29 Comments

Summary:

Economic malaise aside, consumers increasingly want to surf the Net on phones, according to Jon S. von Tetzchner, CEO of the Opera Software. “There is a mega-trend of increased Internet usage,” he told me over breakfast this morning, “and we are in the middle of it, regardless of the economic downturn.”

vontetzchnerBrowser market share data published earlier this month by Net Applications regarding Opera Software’s desktop browser is “plain wrong,” Jon S. von Tetzchner, CEO of the software company, told me today. He was responding to questions about the report’s conclusion, that Opera’s desktop browser market share was stagnating in the face of more competition from not only Mozilla Firefox and Microsoft’s Internet Explorer but Apple’s Safari and Google’s Chrome. It did seem like an awfully sharp reversal for a company that has not only thrived as an independent but has developed a cult following, as I noted in an article for Business 2.0 back in 2005.

Market Share

“Net Applications said that we had no growth in 2008,” von Tetzchner went on, “but internally we saw a 67 percent increase in the number of desktop users and a significant rise in revenues.” He said Opera has 35 million active users, which translates into between “2 and 3 percent” market share when it comes to desktop browsers. So why the disparity? “Much of our growth is in emerging markets like India, Indonesia and Russia — and that doesn’t show up in stats,” he explained. “Net Applications is looking at data that is mostly in the U.S. and parts of Western Europe.”

He claimed to see similar misreporting in the mobile browser market share as well (according to von Tetzchner, the Opera Mini is the most popular mobile browser). But it’s the way people have begun to frame all mobile browser conversations around smartphones that really perplexes him. What many fail to remember, he pointed out, is that more than 85 percent of the world’s phones are not “smartphones.”

Smart or not, there are billions of phones out there. With only 21 million active Opera Mini browser users — and more traditional WAP browser competitors like Open Wave, Access and Telica falling off the cliff — von Tetzchner thinks there is plenty of room for Opera to grow. “There is a mega-trend of increased Internet usage and we are in the middle of it, regardless of the economic downturn.”

I’m glad he’s feeling confident, because his company has some serious challenges ahead of it: It’s competing with the same companies it counts among its business partners, such as Google and Nokia. One misstep and Opera could be locked out of much-needed revenues.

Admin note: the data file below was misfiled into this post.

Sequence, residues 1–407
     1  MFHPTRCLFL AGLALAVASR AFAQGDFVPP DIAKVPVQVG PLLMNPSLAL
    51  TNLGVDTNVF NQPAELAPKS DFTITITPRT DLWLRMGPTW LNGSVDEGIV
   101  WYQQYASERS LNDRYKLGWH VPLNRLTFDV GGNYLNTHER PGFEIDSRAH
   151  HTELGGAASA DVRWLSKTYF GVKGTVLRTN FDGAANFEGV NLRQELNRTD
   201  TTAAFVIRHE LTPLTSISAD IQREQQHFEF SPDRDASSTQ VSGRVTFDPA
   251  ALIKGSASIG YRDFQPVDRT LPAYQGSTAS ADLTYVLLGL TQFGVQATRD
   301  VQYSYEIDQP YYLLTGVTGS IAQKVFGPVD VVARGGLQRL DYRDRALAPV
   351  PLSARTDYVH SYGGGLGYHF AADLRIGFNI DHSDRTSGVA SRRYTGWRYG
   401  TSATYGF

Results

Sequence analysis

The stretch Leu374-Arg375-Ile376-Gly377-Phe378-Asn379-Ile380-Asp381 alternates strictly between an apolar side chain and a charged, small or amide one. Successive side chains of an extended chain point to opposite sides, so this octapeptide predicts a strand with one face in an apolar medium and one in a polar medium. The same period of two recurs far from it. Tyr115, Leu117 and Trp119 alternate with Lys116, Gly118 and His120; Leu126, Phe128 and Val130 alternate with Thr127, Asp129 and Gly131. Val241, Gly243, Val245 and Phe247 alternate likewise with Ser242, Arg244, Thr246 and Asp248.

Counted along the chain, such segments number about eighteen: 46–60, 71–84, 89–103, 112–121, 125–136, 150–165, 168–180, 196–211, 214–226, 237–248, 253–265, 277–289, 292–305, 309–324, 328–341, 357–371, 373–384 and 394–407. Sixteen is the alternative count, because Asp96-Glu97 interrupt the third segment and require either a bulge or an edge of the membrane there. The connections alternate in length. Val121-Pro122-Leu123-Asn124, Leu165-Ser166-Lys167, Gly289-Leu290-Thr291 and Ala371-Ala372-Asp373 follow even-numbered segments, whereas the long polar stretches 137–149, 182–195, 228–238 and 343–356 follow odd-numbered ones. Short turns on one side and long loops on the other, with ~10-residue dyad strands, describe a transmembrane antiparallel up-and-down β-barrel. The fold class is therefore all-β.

The iPhone Effect

As for that mega-trend of increased Internet usage von Tetzchner talked about, he credits the iPhone. “What the iPhone did was make people want a full browser for their phones, and we have that,” von Tetzchner said. At the same time, he called the iPhone “an interesting platform but not a very large platform. So we are going for other market segments.” It could be sour grapes — Apple isn’t, after all, allowing Opera to be sold on the iPhone. Then again, I personally think the iPhone has more of an “influence” on the direction of the mobile industry than most mobile providers would like to admit.

Unsurprisingly, von Tetzchner is not a fan of app stores, believing they are yet another attempt to fragment the market. “We are seeing a lot of widget implementations that are not standardized and don’t work together,” he said. He thinks that eventually all these widgets will converge to a common standard, allowing, say, iPhone apps work on Android and Android on Windows Mobile, etc.

I’m not so sure the end user actually gives a damn if an app works on one platform and not on another. Once you are locked into a two-year contract with your phone, what are the odds that you are switching to another one? Plus these apps are so cheap that many of us would simply download them again anyway. The problem is for the application writers, who have to develop their apps for many different platforms. For von Tetzchner that alone is a reason to believe that standards-based mobile widgets (apps) will eventually happen.

You’re subscribed! If you like, you can update your settings

  1. Nick Caldwell Monday, March 2, 2009

    “We are seeing a lot of widget implementations that are not standardized and don’t work together”

    Two thoughts:

    1) who cares? iPhone app developers are making pretty good money by focusing on one platform!
    2) widgets? I’d like to see the Omnifocus developers faces when they hear such a feature-rich application get called a freaking “widget”!

    Seriously, the iPhone application market is dominating because it’s relatively easy to create sophisticated applications using a development environment that wasn’t designed by sadists. That’s not a trivial advantage.

  2. I will go the other way…Opera has lots of problems with websites. Lots of sites are not supported by this browser. We have seen much problem using Linux also …there is long way to go for Opera to come back into the market of browsers.

    Google Chrome is becoming quite popular with internet users.

  3. Nick Caldwell Monday, March 2, 2009